The Great Olive Oil Caper
Them: Olive oil is extremely healthy for you.
Also them: Olive oil is extremely unhealthy for you.
The answer? Both.
That golden-emerald glass bottle on our kitchen counter is so easy to pour into a pan for cooking, on our veggies for eating, on our meat for seasoning, and maybe even for dipping bread if we’re feeling Italian. Spoiler alert: if your bottle isn’t glass – it’s unlikely to be real extra virgin olive oil no matter what the label says.
“Much of the extra virgin Italian olive oil flooding the world’s market shelves is neither Italian, nor virgin.”The New York Times
Like many other industries, olive oil production is not above unscrupulous business practices to cut costs and boost profits. According to Forbes.com, 80% of the Italian olive oil on the market is fraudulent. Bottles everywhere labeled extra virgin olive oil are often cut with cheaper oils like sunflower and canola oil, cheaper olive oil, and coloring agents like chlorophyll and beta cerotene.
Olive oil is very different from the seed oil, like canola, that it is often mixed with. Former olive oil specialist Nicholas Coleman says olive oil belongs in the produce section, not on a shelf. “It is closer to a raw juice than a cooking oil.” He points out that cooking oils like canola and safflower are pressed from seeds and nuts, not of fruit like the olive.
Most Americans don’t even realize olive oil is perishable. We think of it as any other cooking oil found in the grocery store, but probably opt for extra virgin olive because we’ve heard it’s healthier.
Why Is Olive Good but Seed Oil (Like Canola) Bad?
Extra virgin olive oil is made only by pressing the olive, while regular olive oil is created with a combination of pressing and heating. Seed oils are created only from heating, and that may be where the drawbacks come into play. While olive oil and canola oil have similar nutritional profiles, the refining process in canola oil significantly reduces the antioxidant and polyphenol content. Polyphenols are micronutrients that occur in plants and are found in true olive oil but less highly-refined seed oils.
According to healthline.com, people who regularly use extra virgin olive oil reduce their risk of heart disease, improve blood sugar levels, and are at a lower risk of death. Studies even show that people with the highest consumption of olive oil have a 16% lower risk of type 2 diabetes than people with the least consumption.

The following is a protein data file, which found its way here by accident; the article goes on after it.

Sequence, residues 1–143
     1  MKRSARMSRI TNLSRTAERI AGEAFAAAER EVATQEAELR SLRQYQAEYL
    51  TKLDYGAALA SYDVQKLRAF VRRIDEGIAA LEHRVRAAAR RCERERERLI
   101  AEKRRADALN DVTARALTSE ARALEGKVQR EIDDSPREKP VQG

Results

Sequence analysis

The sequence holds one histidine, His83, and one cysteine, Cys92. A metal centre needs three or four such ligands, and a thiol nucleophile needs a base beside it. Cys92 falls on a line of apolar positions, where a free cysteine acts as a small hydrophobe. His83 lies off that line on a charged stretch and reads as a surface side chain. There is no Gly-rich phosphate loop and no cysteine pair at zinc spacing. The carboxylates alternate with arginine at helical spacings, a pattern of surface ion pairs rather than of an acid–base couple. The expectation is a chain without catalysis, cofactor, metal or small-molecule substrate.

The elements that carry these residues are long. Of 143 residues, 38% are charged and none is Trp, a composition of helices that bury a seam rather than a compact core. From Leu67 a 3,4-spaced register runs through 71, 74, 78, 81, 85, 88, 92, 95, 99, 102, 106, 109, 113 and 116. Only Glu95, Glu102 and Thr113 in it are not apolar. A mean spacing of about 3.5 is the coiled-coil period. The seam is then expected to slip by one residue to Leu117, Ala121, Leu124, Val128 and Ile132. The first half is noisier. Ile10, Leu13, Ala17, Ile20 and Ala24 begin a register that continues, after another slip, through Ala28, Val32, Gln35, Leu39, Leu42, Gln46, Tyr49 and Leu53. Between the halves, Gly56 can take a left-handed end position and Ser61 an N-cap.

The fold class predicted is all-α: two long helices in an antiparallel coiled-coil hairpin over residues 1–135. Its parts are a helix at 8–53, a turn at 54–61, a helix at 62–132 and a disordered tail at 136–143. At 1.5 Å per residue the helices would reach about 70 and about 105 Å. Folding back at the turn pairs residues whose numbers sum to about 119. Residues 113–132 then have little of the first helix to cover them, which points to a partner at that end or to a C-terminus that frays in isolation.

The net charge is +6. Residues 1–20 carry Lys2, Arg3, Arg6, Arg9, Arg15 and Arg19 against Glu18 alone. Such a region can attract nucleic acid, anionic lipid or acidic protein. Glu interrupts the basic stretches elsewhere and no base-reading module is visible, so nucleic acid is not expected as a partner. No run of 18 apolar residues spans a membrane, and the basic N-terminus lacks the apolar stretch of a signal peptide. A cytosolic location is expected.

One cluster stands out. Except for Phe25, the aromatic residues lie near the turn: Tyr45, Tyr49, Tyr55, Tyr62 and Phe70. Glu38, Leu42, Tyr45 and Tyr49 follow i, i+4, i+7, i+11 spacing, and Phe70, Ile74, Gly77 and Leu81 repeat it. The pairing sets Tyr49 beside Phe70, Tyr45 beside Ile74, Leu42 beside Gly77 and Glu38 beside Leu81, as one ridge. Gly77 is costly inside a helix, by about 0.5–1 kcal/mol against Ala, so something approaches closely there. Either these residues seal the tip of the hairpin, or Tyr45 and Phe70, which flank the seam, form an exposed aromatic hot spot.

Another study found that greater olive oil consumption was linked to a lower risk of stroke and reduction in heart disease risk factors including bad cholesterol and triglyceride levels.
How to Choose a Quality Olive Oil
There are many home tests found on the internet, from freezing your olive oil overnight to drenching a candle wick and lighting it, but the best way I’ve found is to look for a harvest date on the bottle. While most large producers do not include a harvest date, smaller producers usually do – especially ones committed to purity. European bottles provide a “best used by” date, however, there is no oversight to see when the olives were bottled in the first place. The United States Department of Agriculture requires no such labeling.
However, the North American Olive Oil Association (NAOOA) regularly purchases olive oil from grocery stores and test them for purity according to the standards set by the International Olive Oil Council – yes, this s@#$ runs deep. Brands that pass the test earn the NAOOA’s quality seal, but if you forgot your magnifying glass the next time you’re at the store, they have a list on their website.
My personal favorite brand is California Olive Ranch. All olives are pressed and bottled within 8 hours of harvest, and all olives were California-grown until a bad crop in 2018 forced to the company to outsource produce for the first time. This extra virgin olive oil is 100% real.
Pour It With the Elbow up High
Now that you know some tricks, maybe it’s time to discard the giant bottle of olive oil you’ve had in the pantry for years, knowing that a real olive oil would have expired after two years. When you go to the grocery store, inspect your olive oil brand for a harvest date, or research the quality tested and approved brands in this article ahead of time.
Once you begin consuming real extra virgin olive oil, your body will thank you; your heart will thank you, and your taste buds will thank you too! In European countries like Italy, Greece, and Spain, the average person consumes 20 liters of olive oil each year compared to just 1 liter in America. Now that we are sure our olive oil is real, let’s enjoy it to its full potential like the European’s do and enjoy all the flavor and health benefits it has to offer!
“There’s a saying about olive oil: ‘Pour it with the elbow up high.”Lior Lev Sercarz of La Boîte
2022 04 25